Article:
GIT – If you some from the world of eCommerce, I don’t have to tell you how important role plays a good search functionality. One of the currently most popular open source eCommerce platforms, Magento, seriously lacks a good built in search engine. There is a reason for that, its not that trivial. However, some merchants simply cannot ignore this so they turn to solutions such as Solr. Solr (pronounced “solar”) is an open source enterprise search platform from the Apache Lucene  project. Full-text search, hit highlighting, faceted search, distributed search and index replication are part of Solr. This is what makes it a solid choice for integrations into eCommerce systems such as Magento. In a nutshell, Solr is an app/ run on top Jetty which is a pure Java-based HTTP (Web) and Java Servlet container.

Just for the reference:

  • Latest version of Solr at the time of this writing is 4.7.0.
  • Latest version of Java runtime (JRE) at the time of this writing is 7u45 (1.7.0_45).
  • Latest version of at the time of this writing is 6.5.

If you are a developer eager to dig into Solr, here are a few simple steps by which you can get it up and running, in lets say your virtual box powered by (lets say) CentOS.

This article assumes you have a clean of CentOS, no previous installations of Java runtimes. We start by checking the currently available Java runtimes in our CentOS repository. If you have a clean default install of CentOS minimal distribution, then you should have no Java runtime installed like shown on the screen below.

java-not-found

Next we check for the available Java runtime versions in our yum repository. We can do so with following on a console.

yum search java | grep 'java-'

You should now see a screen like the one below.

yum-grep-search-java

In this case we want to install the latest one. Following command tells the yum to install it for us.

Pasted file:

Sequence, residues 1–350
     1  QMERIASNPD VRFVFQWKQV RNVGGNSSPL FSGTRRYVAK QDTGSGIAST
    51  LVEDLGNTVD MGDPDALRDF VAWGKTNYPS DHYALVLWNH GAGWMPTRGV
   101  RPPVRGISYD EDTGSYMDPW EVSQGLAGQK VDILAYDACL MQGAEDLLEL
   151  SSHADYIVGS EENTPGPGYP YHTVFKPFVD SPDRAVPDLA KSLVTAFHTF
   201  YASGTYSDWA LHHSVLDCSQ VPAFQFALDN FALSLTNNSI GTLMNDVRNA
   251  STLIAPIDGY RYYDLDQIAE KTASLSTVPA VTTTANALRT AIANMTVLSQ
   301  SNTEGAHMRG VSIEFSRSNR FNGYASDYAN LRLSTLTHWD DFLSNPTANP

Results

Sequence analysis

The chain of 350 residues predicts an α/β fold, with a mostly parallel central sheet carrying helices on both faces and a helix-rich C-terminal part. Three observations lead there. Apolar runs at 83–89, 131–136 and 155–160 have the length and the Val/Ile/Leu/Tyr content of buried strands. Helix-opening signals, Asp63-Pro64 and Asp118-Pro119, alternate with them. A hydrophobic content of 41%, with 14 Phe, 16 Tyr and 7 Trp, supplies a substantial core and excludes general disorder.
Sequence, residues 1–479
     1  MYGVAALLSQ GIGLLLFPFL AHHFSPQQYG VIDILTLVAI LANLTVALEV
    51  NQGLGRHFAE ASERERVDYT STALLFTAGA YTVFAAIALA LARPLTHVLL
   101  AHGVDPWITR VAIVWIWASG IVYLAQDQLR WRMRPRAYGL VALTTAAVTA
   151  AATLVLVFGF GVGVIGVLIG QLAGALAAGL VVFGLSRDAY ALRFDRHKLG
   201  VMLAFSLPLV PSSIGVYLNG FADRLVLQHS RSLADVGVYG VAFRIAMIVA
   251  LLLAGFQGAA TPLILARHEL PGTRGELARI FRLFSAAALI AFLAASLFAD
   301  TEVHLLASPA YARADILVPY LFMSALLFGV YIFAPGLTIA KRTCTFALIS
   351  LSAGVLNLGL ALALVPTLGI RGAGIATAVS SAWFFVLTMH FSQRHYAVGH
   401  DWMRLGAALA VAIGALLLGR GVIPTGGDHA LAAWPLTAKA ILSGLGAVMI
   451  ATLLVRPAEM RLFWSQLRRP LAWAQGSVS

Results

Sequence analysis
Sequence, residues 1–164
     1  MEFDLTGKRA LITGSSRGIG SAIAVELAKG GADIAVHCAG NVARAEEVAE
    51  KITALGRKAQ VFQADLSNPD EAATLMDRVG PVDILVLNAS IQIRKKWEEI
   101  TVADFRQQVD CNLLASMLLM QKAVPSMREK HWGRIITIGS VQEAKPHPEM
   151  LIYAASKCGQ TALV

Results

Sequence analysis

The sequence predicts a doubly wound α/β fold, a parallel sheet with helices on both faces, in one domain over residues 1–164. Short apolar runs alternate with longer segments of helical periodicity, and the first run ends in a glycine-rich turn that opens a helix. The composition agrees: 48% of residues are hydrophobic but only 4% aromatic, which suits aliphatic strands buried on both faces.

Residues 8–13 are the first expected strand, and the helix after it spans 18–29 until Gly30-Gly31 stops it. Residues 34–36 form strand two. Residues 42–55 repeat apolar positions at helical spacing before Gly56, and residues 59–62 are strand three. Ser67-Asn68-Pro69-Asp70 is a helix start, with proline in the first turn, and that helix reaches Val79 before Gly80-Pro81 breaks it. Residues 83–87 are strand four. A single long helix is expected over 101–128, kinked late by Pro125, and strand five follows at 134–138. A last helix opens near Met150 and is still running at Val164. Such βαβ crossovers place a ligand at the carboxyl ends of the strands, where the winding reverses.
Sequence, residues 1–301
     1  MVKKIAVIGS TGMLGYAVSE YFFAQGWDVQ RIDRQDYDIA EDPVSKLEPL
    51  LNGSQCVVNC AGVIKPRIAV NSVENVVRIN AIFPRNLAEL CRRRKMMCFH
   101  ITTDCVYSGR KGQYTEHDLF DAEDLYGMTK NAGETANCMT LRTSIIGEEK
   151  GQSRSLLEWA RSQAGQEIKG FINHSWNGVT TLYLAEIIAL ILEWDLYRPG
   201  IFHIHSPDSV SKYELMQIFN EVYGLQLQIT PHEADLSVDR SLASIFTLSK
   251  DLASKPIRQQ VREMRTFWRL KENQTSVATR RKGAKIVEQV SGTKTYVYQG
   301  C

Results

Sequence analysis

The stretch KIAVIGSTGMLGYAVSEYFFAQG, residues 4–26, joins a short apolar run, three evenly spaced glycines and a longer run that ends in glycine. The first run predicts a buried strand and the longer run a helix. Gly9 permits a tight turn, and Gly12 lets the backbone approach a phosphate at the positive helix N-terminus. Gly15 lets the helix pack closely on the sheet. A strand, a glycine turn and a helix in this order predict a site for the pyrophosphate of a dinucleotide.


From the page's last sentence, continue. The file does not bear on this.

yum install java-1.7.0-openjdk.x86_64

First you will see the confirmation screen like the one shown below (just write in the “y” and click the enter).

centos-jre-install-1

Once Java runtime is installed you should see a screen like the one below.

centos-jre-install-2

Finally, type down the java again in the console and hit enter, you should now see a console output indicating that Java runtime is there in your system like shown below.

centos-jre-install-3

Now that we have Java runtime installed, we go ahead and install wget tool, as we will use it to Solr binary. Following command will install wget into CentOS.

yum install wget

Once you confirm it and installation is done, typing wget on console and hitting enter should give us something like shown in the image below.

centos-wget-installation-2

Finally we are able to download Solr binary package. Following command will download Solr binary to the directory you are currently in within your console.

wget http://ftp.carnet.hr/misc//lucene/solr/4.6.0/solr-4.6.0.tgz

Please note that the ftp.carnet.hr is an link from mirror server from Croatia. Can easily be any other server.

Once the download is complete, you need to unpack the archive.

tar -xzf solr-4.6.0.tgz

This should dump all of the archive content into the solr-4.6.0 directory.

Solr binary archive package comes with an example application that is already set and waiting for you to run it.

cd solr-4.6.0/example/
java -jar start.jar

If you successfully followed the steps so far, you should now see a screen like the one below indicating Solr that Solr is running. You can easily stop it by pressing Ctrl + C.

solr-running

In my case, my virtual box has an address of 192.168.0.22, and Network interface set to bridget adapter, so I was able to automatically access it from my host operating system (SSH into it for example).

When Solr is running you should be able to access it through your browser at a link likehttp://192.168.0.22:8983/solr/ (just replace the IP with yours appropriately).

solr-running-in-browser

Also, within your virtual box, you might want to turn of the if you are using it only for development purposes, as it might stand in a way of accessing your Solr from browser.

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